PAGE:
Just in case the concept of cloud computing isn't complicated enough, the infrastructure just became a little more muddied with the integration of graphic processing units. This seems like an odd pairing at first glance. After all, cutting edge graphics aren't exactly associated with the cloud. However, GPUs can handle the large-scale digital simulations that the cloud has become known for.
The use of cloud-oriented GPUs isn't limited strictly to digital modeling or simulation. By linking a number of units together, researchers are able to support in-depth statistical analysis, machine-based learning, seismic research and even digital video rendering. As you can see, the modern GPU has the potential to revolutionize modern cloud computing.
Moreover, users of Google's cloud are able to utilize 8 separate GPUs within a non-shared-core device. Priced per the minute and deployable in a matter of matters, customers are only required to pay for the functionality that is actually used.
Representatives with Google summarized the benefits of GPU integration in a recent blog post by stating: "CPU-based machines in the cloud are terrific for general purpose computing, but certain tasks such as rendering or large-scale simulations are much faster on specialized processors. Graphics Processing Units (GPUs) contain hundreds of times as many computational cores as CPUs and are great at accelerating risk analysis, studying molecular binding or optimizing the shape of a turbine blade. If your CPU-based instance feels like a Formula One race car but you’re in need of a rocket, you’re going to love our new cloud GPUs."
It's one thing for a company to tout their own product or service. However, the praise isn't coming from Google alone. In fact, a recent blog post highlights a number of comments from some of the new service's earliest users, all of whom are giving it quite the reception.
Simon Pickle, lead engineer with the visual effects software company The Foundry, explained how the use of cloud-oriented GPUs could impact his entire industry. He was quoted as saying: "At The Foundry, we're really excited about VFX in the cloud, and with the arrival of GPUs on Google Cloud Platform, we'll have access to the cutting edge of visualization technology, available on-demand and charged by the minute. The potential ramifications for our industry are enormous."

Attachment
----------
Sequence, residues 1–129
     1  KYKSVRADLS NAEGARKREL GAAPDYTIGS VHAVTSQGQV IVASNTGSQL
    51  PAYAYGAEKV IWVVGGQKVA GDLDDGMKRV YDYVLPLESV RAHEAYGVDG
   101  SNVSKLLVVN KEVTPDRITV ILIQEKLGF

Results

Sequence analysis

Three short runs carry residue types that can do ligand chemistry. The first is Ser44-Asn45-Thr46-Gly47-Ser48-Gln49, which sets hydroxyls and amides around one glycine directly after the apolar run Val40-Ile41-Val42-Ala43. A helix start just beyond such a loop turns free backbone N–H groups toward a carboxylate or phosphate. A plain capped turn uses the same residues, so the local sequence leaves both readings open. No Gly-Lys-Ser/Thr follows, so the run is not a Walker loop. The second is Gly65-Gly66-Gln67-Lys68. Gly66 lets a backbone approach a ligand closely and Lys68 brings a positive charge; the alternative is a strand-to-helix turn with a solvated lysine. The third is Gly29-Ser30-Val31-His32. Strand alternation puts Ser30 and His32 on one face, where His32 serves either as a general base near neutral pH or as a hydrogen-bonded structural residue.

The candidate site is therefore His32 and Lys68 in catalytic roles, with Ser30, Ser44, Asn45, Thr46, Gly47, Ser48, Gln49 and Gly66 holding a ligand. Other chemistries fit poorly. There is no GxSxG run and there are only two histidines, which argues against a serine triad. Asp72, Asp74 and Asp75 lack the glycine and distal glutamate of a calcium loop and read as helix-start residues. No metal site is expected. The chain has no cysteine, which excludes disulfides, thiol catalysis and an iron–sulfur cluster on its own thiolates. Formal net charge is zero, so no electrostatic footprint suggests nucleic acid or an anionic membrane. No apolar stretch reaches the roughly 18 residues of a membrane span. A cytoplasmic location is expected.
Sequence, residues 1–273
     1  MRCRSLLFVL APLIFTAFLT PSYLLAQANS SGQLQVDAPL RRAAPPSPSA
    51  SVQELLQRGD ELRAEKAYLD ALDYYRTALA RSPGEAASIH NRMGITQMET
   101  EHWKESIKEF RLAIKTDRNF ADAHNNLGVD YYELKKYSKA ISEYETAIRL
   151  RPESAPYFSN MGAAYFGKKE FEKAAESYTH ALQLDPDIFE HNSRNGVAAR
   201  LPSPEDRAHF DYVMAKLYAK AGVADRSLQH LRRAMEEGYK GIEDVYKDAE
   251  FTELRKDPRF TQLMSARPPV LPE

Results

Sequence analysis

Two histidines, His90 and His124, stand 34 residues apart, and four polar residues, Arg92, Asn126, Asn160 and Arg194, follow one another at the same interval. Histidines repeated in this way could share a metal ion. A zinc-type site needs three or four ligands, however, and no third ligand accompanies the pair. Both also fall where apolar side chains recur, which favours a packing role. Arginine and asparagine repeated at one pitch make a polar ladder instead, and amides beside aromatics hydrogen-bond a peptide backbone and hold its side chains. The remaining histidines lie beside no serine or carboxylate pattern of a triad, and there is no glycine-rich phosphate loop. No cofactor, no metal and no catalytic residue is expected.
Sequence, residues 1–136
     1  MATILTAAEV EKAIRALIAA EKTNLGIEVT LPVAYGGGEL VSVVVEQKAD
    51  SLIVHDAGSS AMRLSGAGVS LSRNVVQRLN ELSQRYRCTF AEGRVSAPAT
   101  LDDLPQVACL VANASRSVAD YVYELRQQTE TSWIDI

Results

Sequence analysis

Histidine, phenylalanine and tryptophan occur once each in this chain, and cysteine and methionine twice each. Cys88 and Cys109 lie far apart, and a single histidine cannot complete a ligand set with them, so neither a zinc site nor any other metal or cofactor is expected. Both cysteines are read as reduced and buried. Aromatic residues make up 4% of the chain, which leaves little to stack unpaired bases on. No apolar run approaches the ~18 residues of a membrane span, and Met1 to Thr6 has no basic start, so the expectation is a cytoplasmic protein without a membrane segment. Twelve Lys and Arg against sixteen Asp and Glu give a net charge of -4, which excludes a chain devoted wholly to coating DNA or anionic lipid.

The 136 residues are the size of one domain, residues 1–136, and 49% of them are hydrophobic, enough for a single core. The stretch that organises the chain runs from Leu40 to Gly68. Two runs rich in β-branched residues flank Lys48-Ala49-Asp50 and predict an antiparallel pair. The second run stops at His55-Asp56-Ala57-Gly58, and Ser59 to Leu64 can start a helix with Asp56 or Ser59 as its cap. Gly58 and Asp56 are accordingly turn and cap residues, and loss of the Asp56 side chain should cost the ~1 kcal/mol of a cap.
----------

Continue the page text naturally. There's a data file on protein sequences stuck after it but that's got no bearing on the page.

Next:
Although Google's program is still in its early access phase, the large-scale use of cloud-based GPUs has already been proven. Microsoft introduced Nvidia GPUs to their Azure cloud platform in early 2016 and Amazon's EC2 P2 instance is recognized as the largest GPU-powered virtual machine within the modern cloud. While Google has a bit of catching up to do, it's safe to say that they're well on their way.
Google hasn't announced an exact timeline regarding the official and full implementation of Nvidia GPUs into their current cloud framework. However, given the immediate success of their introductory phase, as well as the fact that their competitors have been offering GPU-driven cloud computing for months, one can assume that we'll see the launch of Google's new service sooner rather than later.
Google Cloud GPUs to Provide Stiff Competition for Microsoft
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